There is a growing body of evidence implicating aberrant circadian clock expression in the development of cancer. Based on our initial experiments identifying a putative interaction between BRCA1 and the clock proteins Per1 and Per2, as well as the reported involvement of the circadian clock in the development of cancer, we have performed an expression analysis of the circadian clock genes Per1 and Per2 in both sporadic and familial primary breast tumors and normal breast tissues using real-time polymerase chain reaction. Significantly decreased levels of Per1 were observed between sporadic tumors and normal samples (P < .00001), as well as a further significant decrease between familial and sporadic breast tumors for both Per1 (P < .00001) and Per2 (P < .00001). Decreased Per1 was also associated with estrogen receptor negativity (53% vs 15%, P = .04). These results suggest a role for both Per1 and Per2 in normal breast function and show for the first time that deregulation of the circadian clock may be an important factor in the development of familial breast cancer. Aberrant expression of circadian clock genes could have important consequences on the transactivation of downstream targets that control the cell cycle and on the ability of cells to undergo apoptosis, potentially promoting carcinogenesis.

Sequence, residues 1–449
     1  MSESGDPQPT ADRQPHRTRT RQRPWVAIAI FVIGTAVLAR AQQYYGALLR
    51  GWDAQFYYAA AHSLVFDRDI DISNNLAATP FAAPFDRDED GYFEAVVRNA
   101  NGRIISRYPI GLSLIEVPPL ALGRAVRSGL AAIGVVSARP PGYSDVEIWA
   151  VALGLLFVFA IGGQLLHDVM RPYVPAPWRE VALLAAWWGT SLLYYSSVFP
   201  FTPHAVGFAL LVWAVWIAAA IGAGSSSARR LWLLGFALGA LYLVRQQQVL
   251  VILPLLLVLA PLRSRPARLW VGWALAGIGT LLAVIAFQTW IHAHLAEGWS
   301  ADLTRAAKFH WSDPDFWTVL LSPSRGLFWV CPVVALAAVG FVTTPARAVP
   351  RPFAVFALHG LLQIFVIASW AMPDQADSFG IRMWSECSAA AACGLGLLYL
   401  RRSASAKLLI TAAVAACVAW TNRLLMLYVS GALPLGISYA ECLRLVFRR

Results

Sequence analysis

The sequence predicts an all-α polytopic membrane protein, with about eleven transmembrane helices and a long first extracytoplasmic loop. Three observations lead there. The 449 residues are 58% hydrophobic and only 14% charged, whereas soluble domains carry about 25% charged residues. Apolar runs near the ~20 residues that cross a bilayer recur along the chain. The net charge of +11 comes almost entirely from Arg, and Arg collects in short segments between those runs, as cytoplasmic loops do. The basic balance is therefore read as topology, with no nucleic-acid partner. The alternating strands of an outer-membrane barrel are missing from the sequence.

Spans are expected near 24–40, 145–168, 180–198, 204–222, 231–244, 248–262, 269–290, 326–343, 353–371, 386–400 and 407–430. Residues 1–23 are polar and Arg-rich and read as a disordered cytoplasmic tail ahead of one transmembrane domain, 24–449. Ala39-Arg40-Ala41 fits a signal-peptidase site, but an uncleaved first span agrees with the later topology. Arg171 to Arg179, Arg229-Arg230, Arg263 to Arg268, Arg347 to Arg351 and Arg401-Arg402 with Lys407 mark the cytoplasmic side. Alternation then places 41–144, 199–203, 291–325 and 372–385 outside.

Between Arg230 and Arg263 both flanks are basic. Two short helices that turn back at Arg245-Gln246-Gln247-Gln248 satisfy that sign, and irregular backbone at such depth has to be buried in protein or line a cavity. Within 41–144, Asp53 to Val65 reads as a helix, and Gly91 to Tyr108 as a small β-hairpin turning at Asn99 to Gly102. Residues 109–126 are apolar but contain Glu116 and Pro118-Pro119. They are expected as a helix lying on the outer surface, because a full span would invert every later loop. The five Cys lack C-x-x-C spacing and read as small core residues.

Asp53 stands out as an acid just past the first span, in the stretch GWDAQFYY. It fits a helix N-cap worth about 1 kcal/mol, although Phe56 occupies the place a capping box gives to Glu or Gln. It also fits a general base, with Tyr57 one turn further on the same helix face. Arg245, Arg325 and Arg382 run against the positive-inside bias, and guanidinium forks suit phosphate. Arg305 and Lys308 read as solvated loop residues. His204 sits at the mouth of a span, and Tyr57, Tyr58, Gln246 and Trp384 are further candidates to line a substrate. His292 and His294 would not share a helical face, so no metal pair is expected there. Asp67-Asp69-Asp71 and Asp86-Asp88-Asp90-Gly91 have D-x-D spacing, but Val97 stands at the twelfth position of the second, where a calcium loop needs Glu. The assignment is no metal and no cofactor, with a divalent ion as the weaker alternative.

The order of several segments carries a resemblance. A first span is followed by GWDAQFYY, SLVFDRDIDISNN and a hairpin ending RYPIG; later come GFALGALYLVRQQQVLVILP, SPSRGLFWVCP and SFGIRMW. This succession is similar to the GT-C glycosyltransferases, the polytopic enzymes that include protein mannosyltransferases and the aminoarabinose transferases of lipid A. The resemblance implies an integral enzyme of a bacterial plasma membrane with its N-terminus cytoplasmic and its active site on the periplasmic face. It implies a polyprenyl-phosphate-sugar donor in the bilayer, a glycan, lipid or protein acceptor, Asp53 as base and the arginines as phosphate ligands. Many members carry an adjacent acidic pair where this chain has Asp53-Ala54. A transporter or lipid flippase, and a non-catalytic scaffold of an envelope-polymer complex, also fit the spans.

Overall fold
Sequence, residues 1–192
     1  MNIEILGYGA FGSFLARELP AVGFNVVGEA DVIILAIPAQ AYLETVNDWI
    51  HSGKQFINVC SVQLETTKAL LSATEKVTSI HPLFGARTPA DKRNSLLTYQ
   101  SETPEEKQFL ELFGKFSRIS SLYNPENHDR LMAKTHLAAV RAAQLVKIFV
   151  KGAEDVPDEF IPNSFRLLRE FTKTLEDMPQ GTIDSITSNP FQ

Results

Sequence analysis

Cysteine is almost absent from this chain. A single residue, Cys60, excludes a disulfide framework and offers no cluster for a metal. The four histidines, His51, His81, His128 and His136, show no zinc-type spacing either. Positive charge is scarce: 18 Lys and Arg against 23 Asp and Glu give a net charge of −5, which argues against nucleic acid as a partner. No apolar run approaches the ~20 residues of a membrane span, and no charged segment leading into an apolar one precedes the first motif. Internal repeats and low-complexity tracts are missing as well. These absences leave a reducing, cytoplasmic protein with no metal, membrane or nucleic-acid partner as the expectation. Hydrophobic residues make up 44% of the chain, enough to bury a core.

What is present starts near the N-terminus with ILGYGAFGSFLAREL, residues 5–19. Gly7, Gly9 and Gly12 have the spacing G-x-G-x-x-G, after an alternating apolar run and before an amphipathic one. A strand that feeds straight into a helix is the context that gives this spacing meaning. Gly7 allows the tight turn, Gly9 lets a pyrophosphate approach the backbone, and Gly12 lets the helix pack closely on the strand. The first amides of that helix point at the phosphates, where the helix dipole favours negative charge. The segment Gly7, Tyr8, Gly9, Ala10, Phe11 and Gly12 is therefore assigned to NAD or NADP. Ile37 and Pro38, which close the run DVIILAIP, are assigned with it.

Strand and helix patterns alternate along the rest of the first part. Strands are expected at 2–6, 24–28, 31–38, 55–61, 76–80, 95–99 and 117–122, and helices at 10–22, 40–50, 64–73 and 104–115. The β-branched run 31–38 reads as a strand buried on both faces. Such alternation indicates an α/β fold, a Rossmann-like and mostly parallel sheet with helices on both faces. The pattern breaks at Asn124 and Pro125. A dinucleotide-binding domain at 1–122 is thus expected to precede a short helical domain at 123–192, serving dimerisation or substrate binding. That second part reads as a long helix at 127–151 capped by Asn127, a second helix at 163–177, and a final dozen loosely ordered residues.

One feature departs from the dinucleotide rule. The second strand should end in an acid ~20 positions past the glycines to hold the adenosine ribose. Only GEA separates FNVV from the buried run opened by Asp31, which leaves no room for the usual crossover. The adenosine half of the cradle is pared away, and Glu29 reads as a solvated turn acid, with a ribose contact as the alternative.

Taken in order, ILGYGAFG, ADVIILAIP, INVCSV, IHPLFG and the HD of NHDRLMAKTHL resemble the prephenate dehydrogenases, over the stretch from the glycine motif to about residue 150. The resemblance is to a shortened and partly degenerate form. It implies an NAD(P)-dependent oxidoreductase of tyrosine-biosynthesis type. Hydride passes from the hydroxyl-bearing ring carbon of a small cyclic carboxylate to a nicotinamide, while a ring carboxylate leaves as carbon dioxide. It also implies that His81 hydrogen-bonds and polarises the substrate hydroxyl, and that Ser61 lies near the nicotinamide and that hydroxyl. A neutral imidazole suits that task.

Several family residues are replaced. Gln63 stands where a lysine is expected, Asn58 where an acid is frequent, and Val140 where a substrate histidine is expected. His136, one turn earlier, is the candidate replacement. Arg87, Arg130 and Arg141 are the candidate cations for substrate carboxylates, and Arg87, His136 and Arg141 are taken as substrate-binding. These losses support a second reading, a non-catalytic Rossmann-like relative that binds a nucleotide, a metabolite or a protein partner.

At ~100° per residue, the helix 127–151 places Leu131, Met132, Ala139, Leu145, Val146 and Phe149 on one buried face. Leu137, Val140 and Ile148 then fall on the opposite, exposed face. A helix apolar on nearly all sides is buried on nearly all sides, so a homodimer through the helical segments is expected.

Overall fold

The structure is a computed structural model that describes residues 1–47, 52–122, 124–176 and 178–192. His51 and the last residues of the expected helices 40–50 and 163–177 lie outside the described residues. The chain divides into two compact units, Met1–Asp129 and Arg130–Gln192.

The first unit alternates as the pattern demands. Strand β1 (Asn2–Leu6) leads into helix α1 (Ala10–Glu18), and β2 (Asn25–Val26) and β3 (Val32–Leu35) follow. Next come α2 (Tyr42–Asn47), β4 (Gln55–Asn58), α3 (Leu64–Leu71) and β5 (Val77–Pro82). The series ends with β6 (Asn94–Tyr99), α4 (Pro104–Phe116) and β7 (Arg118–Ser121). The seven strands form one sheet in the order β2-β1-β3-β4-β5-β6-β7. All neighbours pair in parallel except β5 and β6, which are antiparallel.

Keywords: BRCA1; Circadian clock; Per1; Per2; gene expression.